Allen played with Bonnie Hayes, Nina Gerber, Mumbo Gumbo, Peter Welker, Maria Muldaur, New Riders of the Purple Sage, Norton Buffalo, Steve Miller and the Longhouse Band. He also performed in the San Francisco theatrical productions of “Rent” and “Mama Mia.”

Allen was an early faculty member at Blue Bear Music in San Francisco and built a private teaching practice over the years. He also authored a series of music education publications: the Guitar Poster, the Bass Poster, the Keyboard Poster and the Rock Guitar Poster.

His ability as a musician was equalled by his patience as a teacher and his passion for encouraging young people to love music as he did.

“He made everyone feel special. He had that ability, that warmth that made people feel close to him. He genuinely cared about people,” said his wife, Diana Kay of Petaluma.

Allen was a part of Musicians Helping Musicians, a group that helps members in times of health crisis. “He was always the first in line, supporting people in their need,” Hayhurst said.

In addition to his wife, Allen is survived by a 2-year-old daughter, Leah Allen Kay of Petaluma, and two sons, Jackson Allen of Cotati and Tom Allen of Berkeley.

He also leaves his parents, Thomas and Patricia Allen of Davis; a brother, Tim Allen of Ashland, Ore.; and two sisters, Jacquelyn Trautt of Long Beach and Kathleen Rodgers of Nelson, British Columbia.

A potluck musical celebration of Allen’s life will be held Sunday from 4 to 11 p.m. at the Jewish Community Center, 85 La Plaza in Cotati. For more information, call Zone Music at 664-1213.

A memorial fund has been established for Allen’s family. Checks with the notation “Keith Allen Fund” may be sent to Edward Jones Investments, c/o Leanne Vogensen, 850 Petaluma Blvd. N., Suite F, Petaluma 94952.

For more information, call 763-1851. Contributions also may be made at Zone Music, c/o Frank Hayhurst, 7884 Old Redwood Highway, Cotati.



The text below is from our fund-raising flyer at Keith’s memorial celebration a few months later.

Keith Allen was not only a great guitarist, he was a music educator of the highest order. Those who were fortunate enough to have him as a guitar teacher know how he always knew exactly what you needed to do to get to the next stage. But what sets Keith apart from all other instructors is the comprehensive music theory system, a kind of roadmap to harmony for the guitar, to which he contributed so much.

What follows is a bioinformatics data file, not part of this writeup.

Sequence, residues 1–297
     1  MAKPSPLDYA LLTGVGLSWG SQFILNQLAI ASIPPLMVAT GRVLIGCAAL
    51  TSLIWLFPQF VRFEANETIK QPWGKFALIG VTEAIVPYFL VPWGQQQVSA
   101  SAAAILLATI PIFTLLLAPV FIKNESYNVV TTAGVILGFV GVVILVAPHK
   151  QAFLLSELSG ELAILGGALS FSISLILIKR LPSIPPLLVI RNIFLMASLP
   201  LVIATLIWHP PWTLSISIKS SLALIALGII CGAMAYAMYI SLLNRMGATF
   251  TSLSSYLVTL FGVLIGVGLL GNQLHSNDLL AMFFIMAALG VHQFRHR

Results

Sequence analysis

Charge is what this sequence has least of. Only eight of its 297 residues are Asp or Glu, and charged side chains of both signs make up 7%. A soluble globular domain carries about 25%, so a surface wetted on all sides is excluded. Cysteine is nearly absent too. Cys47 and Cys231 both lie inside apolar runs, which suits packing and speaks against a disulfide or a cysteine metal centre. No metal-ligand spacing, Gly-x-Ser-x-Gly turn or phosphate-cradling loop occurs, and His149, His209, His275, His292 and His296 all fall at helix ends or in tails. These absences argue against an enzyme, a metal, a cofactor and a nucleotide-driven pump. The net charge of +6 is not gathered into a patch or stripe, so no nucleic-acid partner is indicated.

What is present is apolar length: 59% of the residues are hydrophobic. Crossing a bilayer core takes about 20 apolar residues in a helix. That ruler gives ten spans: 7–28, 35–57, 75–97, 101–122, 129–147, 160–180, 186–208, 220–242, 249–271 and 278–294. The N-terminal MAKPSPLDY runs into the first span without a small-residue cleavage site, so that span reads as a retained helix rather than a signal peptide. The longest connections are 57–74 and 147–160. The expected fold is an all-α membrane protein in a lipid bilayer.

In 1975, at the age of twenty, the guitar method he developed, the C-A-G-E-D system, was written up in Guitar Player Magazine as the best approach to mastering the instrument. In 1979, when a group of us were working on an idea for putting everything you needed to know about guitar on a poster, somebody told us, “If you want to take it to the next level, you’ve just got to talk to Keith Allen.”

    We did, and when Keith took a look at the prototype he sat down then and there and roughed out what would become the Chord and Scale Table. He became the music editor, and oversaw the development of the cross-reference system that shows how to find and play any chord or scale, in any key, anywhere on the instrument. Twenty-five years later, The Guitar Poster is still the most complete guide to the guitar ever made.

    Over the years Keith wrote and edited other posters for keyboard, rock guitar, electric bass, and saxophone. If you play, you need a poster. And they make great gifts. You can help Keith’s wife Diane raise their two-year old daughter, Leah, and honor his memory through the spirit of his music educator’s genius. All the posters Keith helped to create are available here. All proceeds go to the Keith Allen Fund.